Arash Zarrine-Afsar with Chair Justin Nodwell (left) and Benjamin Schachter's daughter Bonnie Druxerman and husband Peter Druxerman.

Arash Zarrine-Afsar with Chair Justin Nodwell (left) and Benjamin Schachter’s daughter Bonnie Druxerman and husband Peter Druxerman.

From 1934-1939 Dr. Benjamin (Benny) Schachter worked in the Department of Biochemistry conducting research on female sex hormones, isolating and identifying conjugated oestrone sulphate (Premarin). To honour Benny Schachter’s memory, a donation was made to the Department by his family. The funds are being used to support an annual lectureship in his memory. The BGSU and graduate students select and host the speaker who is a graduate from our Department.

This year, the Biochemistry Grad Students Union invited Dr. Arash Zarrine-Afsar to present the Benjamin Schachter Memorial Lecture.

Arash received his PhD degree in Alan Davidson’s lab where he focused on factors influencing protein folding. He then did postdoctoral work with Dwayne Miller in Hamburg studying ultrafast protein dynamics and the development of a quantitative mass spectrometry technique based on Desorption by Impulsive Vibrational Excitation. He is currently at the Techna Institute which is an institute of the University Health Network, in collaboration with the University of Toronto, that focuses on the accelerated development and exploitation of technology for improved health.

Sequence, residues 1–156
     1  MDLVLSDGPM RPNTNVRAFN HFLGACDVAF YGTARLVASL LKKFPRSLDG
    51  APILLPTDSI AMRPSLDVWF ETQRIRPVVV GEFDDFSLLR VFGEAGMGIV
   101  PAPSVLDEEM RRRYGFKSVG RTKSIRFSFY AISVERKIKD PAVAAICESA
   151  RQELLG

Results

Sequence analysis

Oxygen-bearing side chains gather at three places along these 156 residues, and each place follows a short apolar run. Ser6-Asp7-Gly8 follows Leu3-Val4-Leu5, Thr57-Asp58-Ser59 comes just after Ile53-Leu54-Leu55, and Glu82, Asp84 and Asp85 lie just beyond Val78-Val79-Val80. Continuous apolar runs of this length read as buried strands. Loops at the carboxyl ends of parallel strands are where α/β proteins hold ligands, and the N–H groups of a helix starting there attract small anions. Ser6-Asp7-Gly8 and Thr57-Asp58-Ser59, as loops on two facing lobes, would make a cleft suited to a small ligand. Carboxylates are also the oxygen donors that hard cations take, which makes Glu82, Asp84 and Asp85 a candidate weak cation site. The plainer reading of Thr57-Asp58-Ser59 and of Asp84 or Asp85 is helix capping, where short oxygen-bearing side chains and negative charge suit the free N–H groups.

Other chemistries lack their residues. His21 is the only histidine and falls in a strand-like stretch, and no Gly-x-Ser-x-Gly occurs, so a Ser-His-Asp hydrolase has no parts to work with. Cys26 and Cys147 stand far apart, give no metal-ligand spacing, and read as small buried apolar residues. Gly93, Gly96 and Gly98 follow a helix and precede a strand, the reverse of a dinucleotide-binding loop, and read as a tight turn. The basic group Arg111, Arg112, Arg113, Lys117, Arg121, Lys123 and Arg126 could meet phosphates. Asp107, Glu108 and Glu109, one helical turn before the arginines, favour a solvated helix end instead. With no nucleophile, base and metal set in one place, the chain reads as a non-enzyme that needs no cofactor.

“[Dr. Arash Zarrine-Afsar’s] research is aimed at developing new tools and techniques to study the dynamics of biological systems, in particular, the transition to the disease state. A multitude of biophysical imaging and spectroscopy techniques are used to reveal changes in cellular chemistry that correlate with the disease state. In particular, Dr. Zarrine-Afsar is interested in the utility of Mass Spectrometry Imaging in tissue imaging and tumour boundary assessment.”
– Techna website

Arash is also co-founder, and Chief Technology Officer (CTO) of VertoNova Analytical, a federally registered Canadian venture dedicated to the commercialization of the new ion source for biodiagnostic applications, and image guided surgery. He was awarded the prestigious Polanyi Prize in 2011.

Arash gave a fascinating account of his development of ultra fast laser tools which are dramatically more precise and less damaging to tissues in surgical applications and how this can be coupled to mass spectrometry in near real time to analyze small molecules in tissue samples.